“Fail forward!” “Fail fast!” “Failure is just a part of the game!”
Failure was an always-touted anthem I’d heard growing up. Failure was necessary. True grit came from failure. Grit was necessary for success. However, it was not until I experienced failure that those statements began to make sense. I began to understand why failure is so closely tied to success, and that you cannot succeed without failure.
Failure can come in a variety of avenues in life - career, love, and friendships to name a few. I’m choosing to highlight a few extra curricular projects to illustrate how success can come from failure.
The first hackathon-turned-business project I worked on was called “Wattson” (later renamed “Wattsly” because of legal issues). In its extremely early days - and when BBM for Android was still cool - Wattsly looked similar to this:
After two years of work, countless weekends, and multiple rounds of meetings with advisors, investors, and clients, Wattsly looked like this:
It was only after close to one hundred demo builds that we got to a point where we had a production-sound application which could connect with a third party and successfully deliver value to a customer.
Ultimately however, Wattsly was not able to reach a wide consumer base. It was heartbreaking to have something you cared about so deeply fail. At the time, there was so many things going wrong and so many negative feelings associated with Wattsly, that it was hard to understand where to begin fixing the problems. It did end, with an application that was functional but had minimal users, and we all had to learn to move on. (Kudos to the entire team who worked on Wattsly with me - despite its failure, I’m still extremely proud of our work - Shaheer Aziz, Arjune Selvarajan, Atindra Ganeshan.)
Success: We had an amazing team
Success: We built a product we were all extremely proud of
Success: We were able to understand the importance and responsibilities of each role, each individual, and the individuals necessary to achieve market adoption
Failure: We were not able to clearly articulate or identify where each problem existed
Failure: It took us a very long time to quit - longer than it should have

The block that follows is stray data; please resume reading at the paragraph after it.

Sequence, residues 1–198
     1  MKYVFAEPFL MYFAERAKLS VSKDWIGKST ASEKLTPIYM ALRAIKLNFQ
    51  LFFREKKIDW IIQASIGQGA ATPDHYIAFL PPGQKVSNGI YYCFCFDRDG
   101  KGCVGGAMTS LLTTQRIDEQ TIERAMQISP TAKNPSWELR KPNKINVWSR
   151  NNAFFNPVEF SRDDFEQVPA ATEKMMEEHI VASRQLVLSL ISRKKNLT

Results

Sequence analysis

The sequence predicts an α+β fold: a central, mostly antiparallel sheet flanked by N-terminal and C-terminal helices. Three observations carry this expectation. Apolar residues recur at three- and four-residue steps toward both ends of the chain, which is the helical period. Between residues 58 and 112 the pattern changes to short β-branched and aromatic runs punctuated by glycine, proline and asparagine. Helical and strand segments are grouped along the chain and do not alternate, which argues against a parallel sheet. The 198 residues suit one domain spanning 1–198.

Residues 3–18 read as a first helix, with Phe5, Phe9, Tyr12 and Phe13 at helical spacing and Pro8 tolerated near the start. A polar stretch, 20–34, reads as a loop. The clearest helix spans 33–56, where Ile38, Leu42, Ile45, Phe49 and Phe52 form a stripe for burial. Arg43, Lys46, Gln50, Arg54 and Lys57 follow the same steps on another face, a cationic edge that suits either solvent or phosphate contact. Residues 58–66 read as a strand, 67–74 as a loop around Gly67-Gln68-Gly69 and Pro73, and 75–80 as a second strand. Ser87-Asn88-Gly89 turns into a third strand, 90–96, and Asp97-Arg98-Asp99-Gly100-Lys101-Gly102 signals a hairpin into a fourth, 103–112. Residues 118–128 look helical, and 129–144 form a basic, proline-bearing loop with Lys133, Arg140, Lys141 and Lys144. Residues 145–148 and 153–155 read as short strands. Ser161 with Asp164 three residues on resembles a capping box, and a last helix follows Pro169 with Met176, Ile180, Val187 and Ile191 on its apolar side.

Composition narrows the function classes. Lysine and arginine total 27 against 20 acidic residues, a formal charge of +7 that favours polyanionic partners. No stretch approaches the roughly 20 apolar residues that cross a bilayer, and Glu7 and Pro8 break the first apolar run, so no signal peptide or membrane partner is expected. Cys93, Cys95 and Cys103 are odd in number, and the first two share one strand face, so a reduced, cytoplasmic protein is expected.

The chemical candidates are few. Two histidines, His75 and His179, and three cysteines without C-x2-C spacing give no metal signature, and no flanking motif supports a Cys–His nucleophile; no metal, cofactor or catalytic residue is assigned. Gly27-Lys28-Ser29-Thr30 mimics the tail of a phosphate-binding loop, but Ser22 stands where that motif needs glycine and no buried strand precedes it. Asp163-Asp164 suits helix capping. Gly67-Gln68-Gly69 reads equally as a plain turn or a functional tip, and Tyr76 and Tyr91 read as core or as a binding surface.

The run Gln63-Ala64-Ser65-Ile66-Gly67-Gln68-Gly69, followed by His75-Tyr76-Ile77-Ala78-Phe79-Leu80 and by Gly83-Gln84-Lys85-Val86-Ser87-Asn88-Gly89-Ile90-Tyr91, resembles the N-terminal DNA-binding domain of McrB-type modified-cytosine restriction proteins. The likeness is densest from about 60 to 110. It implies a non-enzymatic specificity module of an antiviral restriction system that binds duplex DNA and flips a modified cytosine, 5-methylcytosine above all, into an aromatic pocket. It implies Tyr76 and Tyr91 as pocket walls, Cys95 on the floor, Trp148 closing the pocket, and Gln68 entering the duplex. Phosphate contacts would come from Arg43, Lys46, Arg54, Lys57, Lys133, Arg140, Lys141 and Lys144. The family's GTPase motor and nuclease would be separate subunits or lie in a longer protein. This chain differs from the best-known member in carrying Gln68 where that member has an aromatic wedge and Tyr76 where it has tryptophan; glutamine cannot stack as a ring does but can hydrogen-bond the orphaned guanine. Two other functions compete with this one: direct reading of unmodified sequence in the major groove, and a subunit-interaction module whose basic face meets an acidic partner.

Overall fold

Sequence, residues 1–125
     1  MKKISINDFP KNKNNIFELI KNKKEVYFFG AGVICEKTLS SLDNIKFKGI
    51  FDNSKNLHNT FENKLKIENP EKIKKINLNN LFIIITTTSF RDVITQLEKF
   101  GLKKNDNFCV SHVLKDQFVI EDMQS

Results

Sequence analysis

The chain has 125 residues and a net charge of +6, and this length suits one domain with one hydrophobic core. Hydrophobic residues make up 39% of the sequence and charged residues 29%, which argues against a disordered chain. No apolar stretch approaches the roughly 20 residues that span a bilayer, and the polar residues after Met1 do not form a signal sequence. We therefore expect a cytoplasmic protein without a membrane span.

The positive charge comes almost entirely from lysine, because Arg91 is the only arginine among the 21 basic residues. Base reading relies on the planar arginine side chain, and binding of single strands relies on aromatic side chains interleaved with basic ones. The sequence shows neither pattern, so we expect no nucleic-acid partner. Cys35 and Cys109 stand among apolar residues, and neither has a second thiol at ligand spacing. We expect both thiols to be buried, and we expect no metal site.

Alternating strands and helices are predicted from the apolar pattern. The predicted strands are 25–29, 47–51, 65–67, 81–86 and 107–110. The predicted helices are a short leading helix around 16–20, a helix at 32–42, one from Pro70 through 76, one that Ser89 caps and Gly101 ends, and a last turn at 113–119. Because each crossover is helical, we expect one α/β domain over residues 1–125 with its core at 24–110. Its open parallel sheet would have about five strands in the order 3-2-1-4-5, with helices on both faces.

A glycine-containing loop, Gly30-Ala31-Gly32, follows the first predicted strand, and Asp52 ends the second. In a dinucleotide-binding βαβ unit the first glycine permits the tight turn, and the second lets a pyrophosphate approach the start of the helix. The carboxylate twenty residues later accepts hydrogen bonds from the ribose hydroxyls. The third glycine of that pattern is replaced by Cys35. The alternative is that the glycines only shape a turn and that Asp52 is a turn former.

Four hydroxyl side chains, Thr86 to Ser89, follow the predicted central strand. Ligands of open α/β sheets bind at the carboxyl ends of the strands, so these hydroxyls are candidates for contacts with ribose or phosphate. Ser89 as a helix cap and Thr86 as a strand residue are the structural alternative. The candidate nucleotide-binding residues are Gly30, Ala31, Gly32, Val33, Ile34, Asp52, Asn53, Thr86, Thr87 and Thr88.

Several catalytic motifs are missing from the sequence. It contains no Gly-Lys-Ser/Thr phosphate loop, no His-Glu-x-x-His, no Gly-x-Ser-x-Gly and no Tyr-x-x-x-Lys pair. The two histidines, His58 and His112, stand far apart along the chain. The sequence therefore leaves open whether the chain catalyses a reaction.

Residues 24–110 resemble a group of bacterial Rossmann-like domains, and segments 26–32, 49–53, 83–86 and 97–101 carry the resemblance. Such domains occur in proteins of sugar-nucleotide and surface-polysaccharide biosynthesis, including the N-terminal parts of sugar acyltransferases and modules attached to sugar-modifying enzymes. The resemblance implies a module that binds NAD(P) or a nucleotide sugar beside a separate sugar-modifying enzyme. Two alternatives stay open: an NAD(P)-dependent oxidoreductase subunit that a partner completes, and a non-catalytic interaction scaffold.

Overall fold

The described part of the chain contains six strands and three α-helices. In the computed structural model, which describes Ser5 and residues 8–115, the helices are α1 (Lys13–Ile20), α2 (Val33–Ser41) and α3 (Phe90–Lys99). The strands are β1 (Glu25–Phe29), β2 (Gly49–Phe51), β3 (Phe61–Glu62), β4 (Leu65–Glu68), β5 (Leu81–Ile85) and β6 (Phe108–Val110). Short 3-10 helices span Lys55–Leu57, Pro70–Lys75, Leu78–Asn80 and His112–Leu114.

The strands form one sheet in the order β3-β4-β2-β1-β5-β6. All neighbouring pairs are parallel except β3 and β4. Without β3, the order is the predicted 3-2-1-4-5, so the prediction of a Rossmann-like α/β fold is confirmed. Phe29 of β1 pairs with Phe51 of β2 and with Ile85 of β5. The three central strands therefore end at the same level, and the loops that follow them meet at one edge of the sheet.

Failure: We were unable to reach the necessary users or clients
Failure: Wattsly was not profitable
Failure: We had a difficult time understanding the code quality differences in a development versus production-ready product
The next idea to come under the chopping block was SnapWedding - snapchat filters for weddings and special events, an idea I worked with Curren Pangler on.
We came really close to having some sort of monetary achievement with SnapWedding. We almost made $40 in revenue, which would not even have covered basic hosting costs. After a few months of SnapWedding, we quit the endeavour. It was easier to identify why SnapWedding was not going to succeed, so walking away from it was less painful, but it still hurt. Although this was a failed attempt, I’m happy that the Snapchat filters that did go out brought happiness to the entire two events that did enjoy them.
No matter how I looked at it, however, SnapWedding was still a failure; it fell flat and was not profitable.
Success: Using the learnings from Wattsly, it was easier to identify and realize product-market fit
Success: Using the learnings from Wattsly, it was easier to figure out if the product was worth working on, in the initial stages
Success: Using the learnings from Wattsly, it was easier to articulate the problems, and understand sooner that it made sense to stop working on the project
Success: It was a product that I am proud to have worked on
Failure: It was not profitable
Failure: It did not gain mass market adoption